Massachusetts’ Supreme Judicial Court agreed to throw out nearly a decade’s worth of meth convictions plus all cases from a disgraced chemist’s last four years on the job. the number of cases involved is uncertain but it is well over 8,000.
Expanding relief for drug defendants whose cases crossed paths with a now-disgraced chemist, the highest court in Massachusetts agreed Thursday to throw out nearly a decade’s worth of meth convictions plus all cases from the chemist’s last four years on the job, reports Courthouse News Service. Though the exact number of implicated cases is unclear, previous court filings established that there were 7,690 drug cases from the state’s laboratory in Amherst where chemist Sonja Farak signed the drug certificate. Farak’s 11-year career ended in 2013 when she was arrested for stealing cocaine from the facility. As part of her guilty plea, Farak admitted that her she had made a daily habit of treating the drug lab’s evidence supply as a personal narcotics buffet.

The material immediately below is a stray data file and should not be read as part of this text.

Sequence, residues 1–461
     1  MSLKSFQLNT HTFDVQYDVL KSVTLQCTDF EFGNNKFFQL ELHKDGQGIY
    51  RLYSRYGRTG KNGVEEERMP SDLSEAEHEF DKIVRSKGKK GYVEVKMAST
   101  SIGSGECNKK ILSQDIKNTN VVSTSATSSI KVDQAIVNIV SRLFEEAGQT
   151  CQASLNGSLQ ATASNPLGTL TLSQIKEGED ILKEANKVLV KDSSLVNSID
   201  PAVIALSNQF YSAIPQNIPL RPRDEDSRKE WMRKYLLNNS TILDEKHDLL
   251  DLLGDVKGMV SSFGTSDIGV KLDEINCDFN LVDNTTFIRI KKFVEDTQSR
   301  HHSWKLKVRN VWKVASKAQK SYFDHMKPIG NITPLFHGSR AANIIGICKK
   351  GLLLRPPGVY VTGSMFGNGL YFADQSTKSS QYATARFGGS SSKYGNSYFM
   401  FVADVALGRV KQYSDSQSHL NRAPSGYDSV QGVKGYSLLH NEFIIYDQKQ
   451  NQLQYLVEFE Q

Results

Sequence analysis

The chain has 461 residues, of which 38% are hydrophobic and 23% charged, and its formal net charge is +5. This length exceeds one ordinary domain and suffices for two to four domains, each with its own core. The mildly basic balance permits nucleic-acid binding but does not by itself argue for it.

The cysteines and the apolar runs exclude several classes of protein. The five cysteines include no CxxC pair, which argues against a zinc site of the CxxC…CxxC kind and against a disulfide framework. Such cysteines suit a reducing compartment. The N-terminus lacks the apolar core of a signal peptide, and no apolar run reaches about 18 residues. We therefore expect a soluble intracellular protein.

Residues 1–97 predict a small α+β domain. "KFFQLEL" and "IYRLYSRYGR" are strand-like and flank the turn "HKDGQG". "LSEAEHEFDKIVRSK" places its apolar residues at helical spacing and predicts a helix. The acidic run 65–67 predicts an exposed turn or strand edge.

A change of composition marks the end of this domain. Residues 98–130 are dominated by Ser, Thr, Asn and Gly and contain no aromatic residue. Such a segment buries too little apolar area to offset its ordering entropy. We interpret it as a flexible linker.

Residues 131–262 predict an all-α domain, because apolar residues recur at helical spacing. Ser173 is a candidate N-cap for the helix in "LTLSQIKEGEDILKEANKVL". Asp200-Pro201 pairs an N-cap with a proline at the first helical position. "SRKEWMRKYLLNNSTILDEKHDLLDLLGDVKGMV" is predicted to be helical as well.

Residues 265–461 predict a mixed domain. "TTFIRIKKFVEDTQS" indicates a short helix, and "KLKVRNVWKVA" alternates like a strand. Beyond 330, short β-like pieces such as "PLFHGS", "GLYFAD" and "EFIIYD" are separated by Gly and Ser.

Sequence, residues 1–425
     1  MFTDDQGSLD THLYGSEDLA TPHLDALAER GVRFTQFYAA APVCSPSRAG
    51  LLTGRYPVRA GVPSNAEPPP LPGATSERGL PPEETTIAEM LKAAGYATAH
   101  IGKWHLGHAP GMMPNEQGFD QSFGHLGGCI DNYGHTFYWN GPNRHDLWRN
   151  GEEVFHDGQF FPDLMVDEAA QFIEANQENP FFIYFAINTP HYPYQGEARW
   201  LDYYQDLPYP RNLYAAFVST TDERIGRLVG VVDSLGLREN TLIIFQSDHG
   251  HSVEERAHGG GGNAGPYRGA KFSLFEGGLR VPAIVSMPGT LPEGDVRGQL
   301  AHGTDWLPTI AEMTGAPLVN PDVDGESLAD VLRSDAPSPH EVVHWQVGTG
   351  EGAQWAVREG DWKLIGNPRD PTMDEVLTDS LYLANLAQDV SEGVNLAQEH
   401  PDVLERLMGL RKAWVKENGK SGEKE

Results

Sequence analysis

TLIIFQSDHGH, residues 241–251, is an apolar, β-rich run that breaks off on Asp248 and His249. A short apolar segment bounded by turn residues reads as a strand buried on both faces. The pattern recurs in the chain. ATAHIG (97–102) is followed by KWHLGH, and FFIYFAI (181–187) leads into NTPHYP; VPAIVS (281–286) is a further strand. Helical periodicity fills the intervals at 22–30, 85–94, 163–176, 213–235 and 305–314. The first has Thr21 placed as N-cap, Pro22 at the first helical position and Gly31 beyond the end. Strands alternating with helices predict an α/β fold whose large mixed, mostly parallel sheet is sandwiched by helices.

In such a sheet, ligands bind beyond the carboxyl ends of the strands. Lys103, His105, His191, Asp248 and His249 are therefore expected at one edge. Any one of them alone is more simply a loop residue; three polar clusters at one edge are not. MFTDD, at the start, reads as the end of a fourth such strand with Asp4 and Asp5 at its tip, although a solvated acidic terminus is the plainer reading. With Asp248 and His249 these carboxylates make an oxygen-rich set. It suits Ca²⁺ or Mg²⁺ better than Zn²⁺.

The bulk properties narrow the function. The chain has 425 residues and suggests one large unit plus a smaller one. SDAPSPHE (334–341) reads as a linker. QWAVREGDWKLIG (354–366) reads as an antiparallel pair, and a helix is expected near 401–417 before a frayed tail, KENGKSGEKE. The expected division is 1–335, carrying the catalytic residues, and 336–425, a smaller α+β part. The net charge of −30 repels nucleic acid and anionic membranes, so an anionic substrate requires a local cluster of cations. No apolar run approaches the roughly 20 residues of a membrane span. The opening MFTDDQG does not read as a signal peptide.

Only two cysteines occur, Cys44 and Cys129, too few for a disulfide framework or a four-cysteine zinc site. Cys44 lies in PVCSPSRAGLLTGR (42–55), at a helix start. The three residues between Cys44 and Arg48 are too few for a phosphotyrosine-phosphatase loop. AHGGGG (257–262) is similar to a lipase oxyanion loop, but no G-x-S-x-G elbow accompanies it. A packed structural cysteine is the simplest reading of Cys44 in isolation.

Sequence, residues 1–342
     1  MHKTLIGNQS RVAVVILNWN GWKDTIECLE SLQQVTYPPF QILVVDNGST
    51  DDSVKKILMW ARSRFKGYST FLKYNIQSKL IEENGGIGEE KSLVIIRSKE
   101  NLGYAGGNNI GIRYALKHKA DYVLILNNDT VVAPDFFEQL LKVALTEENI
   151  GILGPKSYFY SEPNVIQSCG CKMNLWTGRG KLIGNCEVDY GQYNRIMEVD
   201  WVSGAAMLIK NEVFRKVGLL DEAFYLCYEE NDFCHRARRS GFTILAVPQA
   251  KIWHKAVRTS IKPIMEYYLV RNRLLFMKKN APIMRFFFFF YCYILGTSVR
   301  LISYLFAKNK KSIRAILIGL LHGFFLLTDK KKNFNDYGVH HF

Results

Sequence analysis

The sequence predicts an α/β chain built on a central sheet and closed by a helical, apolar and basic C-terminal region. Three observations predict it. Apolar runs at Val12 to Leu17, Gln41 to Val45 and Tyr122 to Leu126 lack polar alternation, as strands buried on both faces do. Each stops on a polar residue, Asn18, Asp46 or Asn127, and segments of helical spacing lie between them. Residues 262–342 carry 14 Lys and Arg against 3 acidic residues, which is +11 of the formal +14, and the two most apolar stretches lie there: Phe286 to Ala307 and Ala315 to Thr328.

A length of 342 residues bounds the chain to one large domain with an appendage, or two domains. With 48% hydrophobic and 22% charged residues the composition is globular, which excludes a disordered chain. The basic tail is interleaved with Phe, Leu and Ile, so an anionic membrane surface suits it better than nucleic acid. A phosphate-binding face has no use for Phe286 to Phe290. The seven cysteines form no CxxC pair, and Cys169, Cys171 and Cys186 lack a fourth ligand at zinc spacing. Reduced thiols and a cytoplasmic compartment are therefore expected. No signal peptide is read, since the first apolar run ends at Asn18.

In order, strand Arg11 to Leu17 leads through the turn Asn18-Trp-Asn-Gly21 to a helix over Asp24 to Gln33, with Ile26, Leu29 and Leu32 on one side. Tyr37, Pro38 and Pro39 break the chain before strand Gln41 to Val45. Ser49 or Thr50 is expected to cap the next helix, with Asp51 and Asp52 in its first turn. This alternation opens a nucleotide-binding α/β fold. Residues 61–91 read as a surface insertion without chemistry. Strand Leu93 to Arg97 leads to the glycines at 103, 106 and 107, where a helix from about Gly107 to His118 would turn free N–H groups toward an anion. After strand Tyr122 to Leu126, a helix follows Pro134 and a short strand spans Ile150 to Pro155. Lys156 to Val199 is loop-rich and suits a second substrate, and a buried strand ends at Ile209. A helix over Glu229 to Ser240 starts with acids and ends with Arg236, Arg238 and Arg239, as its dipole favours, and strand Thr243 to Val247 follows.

While the state wanted to vacate only the 8,000 cases where Farak signed the drug certificate, the American Civil Liberties Union said the relief should cover every sample from Amherst that was tested during Farak’s employment. The Supreme Judicial Court agreed Thursday that Farak’s misdeeds implicated far more than the cases she herself handled. “We conclude that Farak’s widespread evidence tampering has compromised the integrity of thousands of drug convictions apart from those that the Commonwealth has agreed should be vacated and dismissed,” wrote Associate Justice Frank Gaziano for the seven-member court. “Her misconduct, compounded by prosecutorial misconduct, requires that this court exercise its superintendence authority and vacate and dismiss all criminal convictions tainted by governmental wrongdoing.” Marking the court’s third brush with the Farak case, the ruling also singles out state prosecutors for initially masking the extent of misconduct. The court ordered district attorneys to work with the ACLU and the Committee for Public Counsel Services to determine how many more cases need to be dismissed.